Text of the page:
This was my second year watching the race from the Yentna River.

Somewhere out the in great everythingness that is Alaska outside of Anchorage, we miraculously ran into a group of people that our ride leader knew. They were gathering firewood for the river fire that characterizes this particular spectator sport.

He asked if we could join them, and we might as well have witnessed the signing of adoption papers for the hospitality and friendship we were afforded. We wanted for nothing. 

Hemingway had his bullfighting. I’m not sure I can take sled dog racing to that level, but I understand why he loved it. There is something both beautiful and terrifying in the Iditarod for me.

The beauty is in the symmetry of man and beast working together to overcome obstacles along what once was a thousand mile race course.

The terror is in the isolation of traveling with magical companions that I’m not convinced can talk in a meaningful way, something I require to get through even a single day.

The beauty is in the race course, perhaps the most beautiful tract of earth covered in perhaps the most peaceful way a human can travel other than with the use of their own two feet.

The terror is in the beautiful tract of earth so deadly and unpredictable that only a certain mindset can even fathom it. The rest of us fly in or ride snow machines to the borders.

Iditarod is a magical time of year. It’s a winter race that tends to portend the spring. Today the Yentna River was lit up in brilliant sunlight under baby blue skies.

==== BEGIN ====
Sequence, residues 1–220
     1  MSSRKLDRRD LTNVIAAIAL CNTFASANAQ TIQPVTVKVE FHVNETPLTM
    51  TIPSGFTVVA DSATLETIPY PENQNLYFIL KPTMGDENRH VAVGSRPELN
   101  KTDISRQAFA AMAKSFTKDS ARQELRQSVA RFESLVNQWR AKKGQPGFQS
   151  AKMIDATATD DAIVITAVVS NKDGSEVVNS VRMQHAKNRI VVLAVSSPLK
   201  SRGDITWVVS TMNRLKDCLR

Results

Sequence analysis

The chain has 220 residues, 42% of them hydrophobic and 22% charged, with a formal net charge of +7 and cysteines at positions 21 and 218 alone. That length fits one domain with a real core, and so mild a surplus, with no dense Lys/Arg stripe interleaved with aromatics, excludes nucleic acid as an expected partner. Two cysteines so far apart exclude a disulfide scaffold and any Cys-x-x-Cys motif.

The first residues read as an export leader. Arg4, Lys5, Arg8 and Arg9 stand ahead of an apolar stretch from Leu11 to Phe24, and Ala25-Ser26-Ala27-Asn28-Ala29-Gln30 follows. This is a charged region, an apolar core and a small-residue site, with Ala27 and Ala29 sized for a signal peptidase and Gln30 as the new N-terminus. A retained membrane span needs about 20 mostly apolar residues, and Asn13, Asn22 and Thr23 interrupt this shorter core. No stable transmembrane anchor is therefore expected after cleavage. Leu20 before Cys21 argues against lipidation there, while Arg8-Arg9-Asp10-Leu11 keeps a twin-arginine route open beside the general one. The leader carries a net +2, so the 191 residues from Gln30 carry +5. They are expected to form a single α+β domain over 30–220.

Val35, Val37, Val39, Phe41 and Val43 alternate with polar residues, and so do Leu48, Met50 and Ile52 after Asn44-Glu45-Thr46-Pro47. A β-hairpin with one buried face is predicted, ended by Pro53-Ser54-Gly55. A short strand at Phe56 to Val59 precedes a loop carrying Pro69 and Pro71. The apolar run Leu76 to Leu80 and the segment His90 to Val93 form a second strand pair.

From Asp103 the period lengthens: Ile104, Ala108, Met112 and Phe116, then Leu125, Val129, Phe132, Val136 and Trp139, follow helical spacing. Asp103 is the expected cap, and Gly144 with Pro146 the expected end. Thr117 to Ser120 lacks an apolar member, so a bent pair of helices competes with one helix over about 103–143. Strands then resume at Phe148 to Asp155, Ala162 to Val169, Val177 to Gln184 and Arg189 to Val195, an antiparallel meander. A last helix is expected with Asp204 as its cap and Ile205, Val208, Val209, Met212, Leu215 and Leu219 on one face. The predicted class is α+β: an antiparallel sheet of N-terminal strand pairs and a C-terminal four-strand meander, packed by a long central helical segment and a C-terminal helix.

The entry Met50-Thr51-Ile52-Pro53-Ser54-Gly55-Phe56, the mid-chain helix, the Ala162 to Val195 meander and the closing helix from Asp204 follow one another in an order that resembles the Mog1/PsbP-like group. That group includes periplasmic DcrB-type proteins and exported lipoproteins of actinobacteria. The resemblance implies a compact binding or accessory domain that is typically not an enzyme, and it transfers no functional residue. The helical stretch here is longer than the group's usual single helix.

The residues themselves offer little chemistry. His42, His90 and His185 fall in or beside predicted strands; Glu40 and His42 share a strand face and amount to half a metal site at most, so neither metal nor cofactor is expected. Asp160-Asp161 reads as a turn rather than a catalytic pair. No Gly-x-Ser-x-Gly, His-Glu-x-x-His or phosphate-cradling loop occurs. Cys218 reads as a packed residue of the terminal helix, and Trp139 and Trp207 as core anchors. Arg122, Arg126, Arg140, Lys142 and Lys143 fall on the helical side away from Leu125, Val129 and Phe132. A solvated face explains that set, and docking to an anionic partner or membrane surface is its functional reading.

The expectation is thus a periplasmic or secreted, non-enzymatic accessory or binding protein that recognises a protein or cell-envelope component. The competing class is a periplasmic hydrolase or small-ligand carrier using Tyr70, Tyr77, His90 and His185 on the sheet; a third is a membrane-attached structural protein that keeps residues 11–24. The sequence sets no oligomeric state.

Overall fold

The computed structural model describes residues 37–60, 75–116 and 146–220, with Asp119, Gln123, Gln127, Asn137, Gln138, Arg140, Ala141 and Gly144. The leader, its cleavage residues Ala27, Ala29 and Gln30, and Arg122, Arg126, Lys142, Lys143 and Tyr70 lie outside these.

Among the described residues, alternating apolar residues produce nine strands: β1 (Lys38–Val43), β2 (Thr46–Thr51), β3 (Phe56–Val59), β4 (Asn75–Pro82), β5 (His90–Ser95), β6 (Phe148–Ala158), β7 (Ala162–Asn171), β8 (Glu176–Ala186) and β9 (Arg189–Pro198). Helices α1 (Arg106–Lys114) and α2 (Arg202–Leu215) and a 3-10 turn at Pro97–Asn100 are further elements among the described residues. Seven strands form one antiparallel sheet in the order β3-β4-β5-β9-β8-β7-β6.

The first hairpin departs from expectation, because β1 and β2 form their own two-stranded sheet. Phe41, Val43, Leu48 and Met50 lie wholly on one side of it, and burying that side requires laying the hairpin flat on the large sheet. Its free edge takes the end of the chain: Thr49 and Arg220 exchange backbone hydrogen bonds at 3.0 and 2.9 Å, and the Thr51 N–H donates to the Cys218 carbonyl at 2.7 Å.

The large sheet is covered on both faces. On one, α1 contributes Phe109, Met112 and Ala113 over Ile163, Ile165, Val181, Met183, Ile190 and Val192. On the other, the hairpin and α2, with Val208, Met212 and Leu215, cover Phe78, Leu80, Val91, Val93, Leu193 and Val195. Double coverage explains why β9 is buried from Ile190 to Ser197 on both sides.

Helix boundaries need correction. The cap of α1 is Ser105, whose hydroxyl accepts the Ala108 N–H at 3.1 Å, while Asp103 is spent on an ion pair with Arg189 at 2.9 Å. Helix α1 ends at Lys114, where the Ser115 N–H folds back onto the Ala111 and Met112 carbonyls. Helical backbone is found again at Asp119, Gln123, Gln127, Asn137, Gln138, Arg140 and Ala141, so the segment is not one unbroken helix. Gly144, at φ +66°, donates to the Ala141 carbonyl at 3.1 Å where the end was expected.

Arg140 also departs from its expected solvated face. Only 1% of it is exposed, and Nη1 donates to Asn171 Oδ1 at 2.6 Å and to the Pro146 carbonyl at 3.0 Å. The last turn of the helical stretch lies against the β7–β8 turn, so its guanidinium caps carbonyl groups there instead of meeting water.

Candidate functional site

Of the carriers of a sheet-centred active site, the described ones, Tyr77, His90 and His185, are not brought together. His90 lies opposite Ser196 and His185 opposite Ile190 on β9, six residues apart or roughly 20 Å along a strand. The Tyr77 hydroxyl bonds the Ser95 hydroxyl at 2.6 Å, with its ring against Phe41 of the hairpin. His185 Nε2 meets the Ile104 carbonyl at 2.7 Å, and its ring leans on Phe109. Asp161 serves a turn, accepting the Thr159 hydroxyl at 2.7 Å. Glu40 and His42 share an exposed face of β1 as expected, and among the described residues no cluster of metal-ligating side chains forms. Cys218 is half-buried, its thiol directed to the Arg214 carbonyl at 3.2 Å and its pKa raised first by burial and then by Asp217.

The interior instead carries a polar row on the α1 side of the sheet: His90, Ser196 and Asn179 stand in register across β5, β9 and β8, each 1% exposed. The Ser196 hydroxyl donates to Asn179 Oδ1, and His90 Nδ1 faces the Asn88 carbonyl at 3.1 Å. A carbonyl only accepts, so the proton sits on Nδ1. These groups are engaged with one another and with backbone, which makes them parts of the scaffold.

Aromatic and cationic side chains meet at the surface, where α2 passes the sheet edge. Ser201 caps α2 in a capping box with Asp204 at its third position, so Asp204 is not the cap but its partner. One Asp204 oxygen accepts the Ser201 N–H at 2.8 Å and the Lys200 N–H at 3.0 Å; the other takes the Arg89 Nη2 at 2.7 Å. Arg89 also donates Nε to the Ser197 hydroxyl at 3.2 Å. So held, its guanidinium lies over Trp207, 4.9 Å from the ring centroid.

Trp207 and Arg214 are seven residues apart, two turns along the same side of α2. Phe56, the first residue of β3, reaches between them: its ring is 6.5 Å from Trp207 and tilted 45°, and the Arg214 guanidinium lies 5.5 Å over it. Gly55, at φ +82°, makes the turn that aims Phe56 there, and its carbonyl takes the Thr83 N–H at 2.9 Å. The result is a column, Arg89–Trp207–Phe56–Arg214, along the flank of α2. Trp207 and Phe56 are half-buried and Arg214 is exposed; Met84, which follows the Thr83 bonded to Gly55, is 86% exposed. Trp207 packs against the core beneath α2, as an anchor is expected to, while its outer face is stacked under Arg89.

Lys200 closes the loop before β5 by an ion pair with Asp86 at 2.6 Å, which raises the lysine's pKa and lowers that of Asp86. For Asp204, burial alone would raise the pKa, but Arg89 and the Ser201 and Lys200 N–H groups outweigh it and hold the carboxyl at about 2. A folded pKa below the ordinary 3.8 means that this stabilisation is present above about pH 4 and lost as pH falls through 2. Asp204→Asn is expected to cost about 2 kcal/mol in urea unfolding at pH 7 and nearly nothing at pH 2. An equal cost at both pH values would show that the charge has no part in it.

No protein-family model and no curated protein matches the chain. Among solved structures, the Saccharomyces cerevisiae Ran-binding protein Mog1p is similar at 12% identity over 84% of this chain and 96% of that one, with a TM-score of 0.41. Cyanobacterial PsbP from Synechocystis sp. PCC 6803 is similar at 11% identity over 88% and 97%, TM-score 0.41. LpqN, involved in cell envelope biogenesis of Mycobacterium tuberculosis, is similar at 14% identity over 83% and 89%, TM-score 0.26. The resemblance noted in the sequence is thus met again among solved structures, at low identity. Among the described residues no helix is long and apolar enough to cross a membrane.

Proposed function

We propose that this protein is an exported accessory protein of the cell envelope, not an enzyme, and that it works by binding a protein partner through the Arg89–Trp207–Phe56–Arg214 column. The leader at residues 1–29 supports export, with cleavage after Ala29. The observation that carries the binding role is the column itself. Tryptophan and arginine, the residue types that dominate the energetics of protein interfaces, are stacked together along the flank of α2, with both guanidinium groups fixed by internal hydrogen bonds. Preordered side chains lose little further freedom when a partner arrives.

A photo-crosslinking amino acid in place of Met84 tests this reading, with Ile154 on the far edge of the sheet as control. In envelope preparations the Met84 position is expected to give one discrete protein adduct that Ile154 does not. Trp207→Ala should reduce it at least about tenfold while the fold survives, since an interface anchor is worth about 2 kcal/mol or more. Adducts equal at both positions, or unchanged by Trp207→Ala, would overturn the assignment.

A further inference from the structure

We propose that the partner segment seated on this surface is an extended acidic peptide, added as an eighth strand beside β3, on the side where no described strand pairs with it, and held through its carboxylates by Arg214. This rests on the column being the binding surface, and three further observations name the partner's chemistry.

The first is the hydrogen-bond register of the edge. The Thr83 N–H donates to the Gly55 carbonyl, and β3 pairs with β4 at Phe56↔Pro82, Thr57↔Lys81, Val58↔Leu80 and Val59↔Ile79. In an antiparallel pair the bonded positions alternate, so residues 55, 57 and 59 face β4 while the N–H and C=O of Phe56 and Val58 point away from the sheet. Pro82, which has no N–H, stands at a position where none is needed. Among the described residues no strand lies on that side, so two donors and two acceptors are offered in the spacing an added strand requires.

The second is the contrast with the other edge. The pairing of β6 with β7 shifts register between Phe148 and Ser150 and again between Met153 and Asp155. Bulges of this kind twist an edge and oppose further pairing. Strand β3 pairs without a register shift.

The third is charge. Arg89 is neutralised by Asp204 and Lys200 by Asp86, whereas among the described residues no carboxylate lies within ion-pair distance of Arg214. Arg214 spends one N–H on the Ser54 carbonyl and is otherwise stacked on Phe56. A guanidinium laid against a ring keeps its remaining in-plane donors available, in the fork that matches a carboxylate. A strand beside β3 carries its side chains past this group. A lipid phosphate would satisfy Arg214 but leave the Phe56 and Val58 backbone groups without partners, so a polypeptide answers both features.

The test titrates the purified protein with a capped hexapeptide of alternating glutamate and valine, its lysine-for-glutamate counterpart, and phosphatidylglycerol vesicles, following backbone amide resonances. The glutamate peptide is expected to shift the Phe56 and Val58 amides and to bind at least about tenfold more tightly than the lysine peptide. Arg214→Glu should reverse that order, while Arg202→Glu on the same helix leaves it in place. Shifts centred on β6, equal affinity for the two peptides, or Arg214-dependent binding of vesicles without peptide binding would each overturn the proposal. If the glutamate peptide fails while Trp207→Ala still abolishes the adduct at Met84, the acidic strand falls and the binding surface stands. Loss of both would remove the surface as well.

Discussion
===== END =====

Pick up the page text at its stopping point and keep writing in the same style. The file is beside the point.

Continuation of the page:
They, the mushers, may find themselves in a blizzard by the next day, but today they traveled under a beautiful blue omen.

Last year I witnessed the first and last day of the last great race on earth. This year I’ll tag along at a few other famous stops along the way. McGrath, Ruby, Unalakleet and the finish in Nome.

I’ll document each day here on Tumblr if you’d like to tag along.

Here’s a photo gallery from the first day to hold you over until I can catch you up again.


The Week In Between

It is the week in between.

In Alaska, February falls into March like snow falls on the tundra. It’s a seemingly endless process, the glory and the bane of those who call the great white north home.

They are one month, sixty days with a leap year, a period of time in which Alaskans so cabin feverish from a January spent below zero and 114 inches of now dirty snow on the ground that they gather together to celebrate a midwinter festival.

A gathering of the various parts that make up the vast and varied state of mind known as Alaska they call Fur Rondy.

Not unlike carnivals and festivals elsewhere, there are recognizable elements in the rides, the frostbite footrace and the grand parade. But the similarities end there.

Fox, caribou and bear hides aside, the Rondy features a full-combat snowball fight with well-trained teams, outhouse races and the annual running of the reindeer.

But the Rondy, by comparison to the two events on either side of it, is absolutely sane and normal by most standards.

The Iron Dog is a 2,000 mile snow machine race that starts in Sarah Palin’s back yard, literally, and ends in Fairbanks, after traveling through Nome. You simply have to look at a map to understand even an 1/8th of the magnitude of this race.

Sarah’s husband, Todd, is a four-time champion of the Iron Dog.

There is nothing like chasing guys doing 90 miles per hour down the Yukon River trying to make slot for the 10 p.m. news.

After a week of breathing two-stroke fumes to the point of dizziness and conducting interviews on frozen lakes, rivers and seas, one is ready for a month’s worth of downtime.

Rondy marks the nonexistent divide between February and March. Somewhere in that Mardi Gras of the north there is a metaphorical change of the calendar page.